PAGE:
As a soul music enthusiast, one of the greatest assets to my record collection has been the Atlantic Rhythm And Blues 1947-1974 compilation. It documents the early years of popular American music, the rise of the R&B genre, and the classic recordings that continue to show up in film, television, and radio. The musical selections are accompanied by a chronological guide satisfying the “who played what” curiosities across sessions in New York, Philadelphia, Memphis, and Muscle Shoals. While scanning the list of bass credits, I continually stumbled upon the name Lloyd Trotman, a well versed upright player who took a simple approach to appease the song, the producer, and the new musical cannon. Known for playing the bass line to Ben E. King’s “Stand By Me,” as well as hits by Ray Charles, The Drifters, LaVerne Baker, and Big Joe Turner, Trotman is our latest Bass Player To Know.
So Who Is Lloyd Trotman?
Trotman was born in 1923 in Boston, Massachusetts and grew up in a musical household. His father ran a music school and introduced Lloyd to reading and playing the piano, though he quickly became intrigued by the upright bass. After joining the school orchestra to play upright, he began studying jazz and decided to move to New York City in the 1940s. He found himself steeped in the jazz scene and performed with Duke Ellington, Billie Holiday, Johnny Hodges, and many others. Thanks to a diverse repertoire, knowledge of different rhythmic styles, and excellent reading ability, he was an ideal session musician; he managed to have a successful recording career throughout the 1950s and 60s. Producers including Jerry Wexler and Ahmet Ertegun considered him one of the first call session players for Atlantic Records; he can be heard on recordings by Ray Charles, Big Joe Turner, LaVerne Baker, The Coasters, The Drifters, and countless others. He remained active in the jazz scene, recording with King Curtis, Don Wilkerson, and Red Allen, and performing around New York. Trotman passed away in 2007 in Long Island at the age of 84.
Let’s Talk Style
If you tend to gravitate toward early R&B recordings and the meat-and-potatoes bass playing on these classic records, then you’ve probably heard Trotman’s playing. The grooves are simple, the patterns are distinctive, and the music is seeping with the soul of people in a room, playing a tune in one take. There’s no messing around… well, unless you’re playing Ray Charles’ “Mess Around.” The records are orchestrated as much as they are produced thanks to complex vocal harmonies, string sections, and intriguing percussion parts. The role of the bass player is to bridge the gap between the orchestrated parts, the a capella nature of soda shop doo-wop, and what we consider the quintessential rock and roll band (guitars, bass, and drums). Trotman succeeds as an accompanist, recognizing the importance of committing to part and acting as a perfectly greased cog in the wheel of the song. In doing so, he helped solidify the bass lines and patterns that continue to show up in blues, soul, R&B, jazz, and pop. While they may seem like simple arpeggios, they are inspired by latin rhythms and dixieland jazz; they function as the building blocks for both the rhythm and harmony of the song. He plays with masterful tone, intonation, and resonance–another indication of his eloquence as a player and his accountability as a session musician.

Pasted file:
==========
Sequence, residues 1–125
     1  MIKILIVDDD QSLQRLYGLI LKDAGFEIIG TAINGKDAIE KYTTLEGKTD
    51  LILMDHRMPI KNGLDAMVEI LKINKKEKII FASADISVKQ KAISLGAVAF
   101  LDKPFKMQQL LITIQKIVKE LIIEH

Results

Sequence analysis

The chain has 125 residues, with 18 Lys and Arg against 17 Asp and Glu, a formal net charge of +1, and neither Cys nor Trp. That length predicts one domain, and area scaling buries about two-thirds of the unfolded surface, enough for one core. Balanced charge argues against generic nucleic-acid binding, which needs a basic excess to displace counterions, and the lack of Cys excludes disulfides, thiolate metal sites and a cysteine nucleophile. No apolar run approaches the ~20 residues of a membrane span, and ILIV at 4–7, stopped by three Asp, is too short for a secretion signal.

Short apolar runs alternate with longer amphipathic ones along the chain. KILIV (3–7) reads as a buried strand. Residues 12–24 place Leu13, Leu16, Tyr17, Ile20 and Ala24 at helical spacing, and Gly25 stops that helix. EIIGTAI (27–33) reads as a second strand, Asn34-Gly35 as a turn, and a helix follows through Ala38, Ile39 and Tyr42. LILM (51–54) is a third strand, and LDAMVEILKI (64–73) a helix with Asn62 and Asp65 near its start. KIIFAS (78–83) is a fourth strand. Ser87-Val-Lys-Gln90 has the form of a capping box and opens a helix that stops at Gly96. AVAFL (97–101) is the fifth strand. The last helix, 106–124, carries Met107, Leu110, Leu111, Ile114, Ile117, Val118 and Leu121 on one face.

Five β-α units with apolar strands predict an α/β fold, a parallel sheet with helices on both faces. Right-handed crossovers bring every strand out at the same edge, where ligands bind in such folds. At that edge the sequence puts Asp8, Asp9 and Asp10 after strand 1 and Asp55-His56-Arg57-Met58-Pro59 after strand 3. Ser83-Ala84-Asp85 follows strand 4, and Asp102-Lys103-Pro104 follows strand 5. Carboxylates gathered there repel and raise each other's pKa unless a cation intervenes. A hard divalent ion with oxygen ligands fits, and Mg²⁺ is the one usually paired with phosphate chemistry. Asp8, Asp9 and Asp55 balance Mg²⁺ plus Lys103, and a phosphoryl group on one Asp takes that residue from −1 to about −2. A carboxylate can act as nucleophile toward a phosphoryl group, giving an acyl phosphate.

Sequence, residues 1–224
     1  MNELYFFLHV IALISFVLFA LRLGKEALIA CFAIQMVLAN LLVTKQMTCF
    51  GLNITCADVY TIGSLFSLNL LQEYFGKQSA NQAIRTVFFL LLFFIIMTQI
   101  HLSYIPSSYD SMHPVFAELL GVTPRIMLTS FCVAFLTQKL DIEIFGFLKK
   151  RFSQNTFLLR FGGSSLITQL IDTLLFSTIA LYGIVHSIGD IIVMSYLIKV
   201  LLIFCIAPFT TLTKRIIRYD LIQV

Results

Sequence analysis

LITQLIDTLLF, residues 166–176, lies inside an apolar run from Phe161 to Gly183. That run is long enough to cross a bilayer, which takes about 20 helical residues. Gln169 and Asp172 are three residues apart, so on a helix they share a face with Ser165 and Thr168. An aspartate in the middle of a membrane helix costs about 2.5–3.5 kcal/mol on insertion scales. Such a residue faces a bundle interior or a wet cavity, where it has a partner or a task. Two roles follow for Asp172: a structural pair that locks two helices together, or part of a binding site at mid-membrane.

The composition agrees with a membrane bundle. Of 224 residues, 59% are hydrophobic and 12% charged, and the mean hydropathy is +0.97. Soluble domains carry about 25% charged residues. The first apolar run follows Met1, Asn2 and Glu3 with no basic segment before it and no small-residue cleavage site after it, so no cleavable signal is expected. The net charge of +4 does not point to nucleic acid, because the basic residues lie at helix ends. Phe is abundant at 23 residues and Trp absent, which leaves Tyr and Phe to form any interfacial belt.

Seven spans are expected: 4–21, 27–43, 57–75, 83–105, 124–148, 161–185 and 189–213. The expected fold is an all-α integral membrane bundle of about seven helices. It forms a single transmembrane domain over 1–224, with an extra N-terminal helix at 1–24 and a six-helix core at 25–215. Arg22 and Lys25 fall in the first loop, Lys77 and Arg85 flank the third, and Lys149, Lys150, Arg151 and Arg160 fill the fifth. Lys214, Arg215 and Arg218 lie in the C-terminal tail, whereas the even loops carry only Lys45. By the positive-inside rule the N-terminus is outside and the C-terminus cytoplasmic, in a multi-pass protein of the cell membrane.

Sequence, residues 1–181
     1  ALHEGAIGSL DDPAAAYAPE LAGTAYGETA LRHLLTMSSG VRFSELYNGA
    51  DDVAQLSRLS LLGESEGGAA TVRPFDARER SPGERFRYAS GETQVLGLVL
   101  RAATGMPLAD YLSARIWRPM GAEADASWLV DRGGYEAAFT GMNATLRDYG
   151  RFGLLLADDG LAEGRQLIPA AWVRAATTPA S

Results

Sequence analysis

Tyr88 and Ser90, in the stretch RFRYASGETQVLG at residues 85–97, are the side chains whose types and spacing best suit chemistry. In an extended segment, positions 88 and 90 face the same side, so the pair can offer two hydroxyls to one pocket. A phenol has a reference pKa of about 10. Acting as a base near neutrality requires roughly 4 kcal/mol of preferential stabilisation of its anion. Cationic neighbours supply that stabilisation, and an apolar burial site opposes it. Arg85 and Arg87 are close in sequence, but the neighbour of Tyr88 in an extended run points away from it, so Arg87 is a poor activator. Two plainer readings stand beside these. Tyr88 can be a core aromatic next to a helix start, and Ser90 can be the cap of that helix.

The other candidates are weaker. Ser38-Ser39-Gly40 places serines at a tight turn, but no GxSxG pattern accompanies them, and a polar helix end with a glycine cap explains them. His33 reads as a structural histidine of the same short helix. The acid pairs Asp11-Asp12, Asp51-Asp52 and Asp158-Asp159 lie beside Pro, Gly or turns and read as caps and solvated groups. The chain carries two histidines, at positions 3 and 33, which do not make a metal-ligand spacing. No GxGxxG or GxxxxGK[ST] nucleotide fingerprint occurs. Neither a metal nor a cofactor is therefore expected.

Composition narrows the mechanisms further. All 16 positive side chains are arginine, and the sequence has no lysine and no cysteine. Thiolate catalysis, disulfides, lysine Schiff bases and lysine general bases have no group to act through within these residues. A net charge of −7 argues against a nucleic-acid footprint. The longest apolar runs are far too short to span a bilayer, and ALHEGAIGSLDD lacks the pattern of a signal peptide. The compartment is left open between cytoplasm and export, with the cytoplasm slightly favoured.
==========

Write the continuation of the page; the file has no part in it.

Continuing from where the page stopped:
Where Can I Hear Him?
“Stand By Me” (Ben E. King: Atlantic Rhythm And Blues 1947-1974)
With its sparse and ever-crescendoing production, this song manages to capture the beauty and naivety of King’s heartfelt plea. Trotman’s bassline is perhaps one of the most iconic in American music of this era thanks to its simplicity, repetitiveness, and tone. It’s engaging enough to carry the song from the moment the needle hits the record until the strings and vocals fade, gracefully outlining the chord progression with a few perfectly diatonic passing tones.
“Mess Around” (Ray Charles: Atlantic Rhythm And Blues 1947-1974)
There is an inherent amount of difficulty when it comes to playing bass alongside a pianist with as much personality, talent, and soul as Ray Charles. Trotman manages to stay in the pocket and appropriately accompanies Charles’ left hand with a simple boogie woogie pattern. He plays up the arpeggio, digging in with quarter notes to the 1-3-5-6 of each chord; he then turns around at the octave and plays the pattern 8-6-5-3 to descend back to the root or to lead to the four chord.
“Play It Fair” (LaVerne Baker: Atlantic Rhythm And Blues 1947-1974)
This tune is another great example of early R&B production, a simple arpeggiating pattern, and how the bass interacts with accompanying parts. The bass line is mimicked by the baritone vocal during the verses, essentially adding more body and providing a “band” feel to what would otherwise be an a capella performance. Trotman also accompanies the triplet feel of the vocal hook, even though the drums fall out of the track, and then returns to the classic 1-3-5-3-5 doo-wop pattern.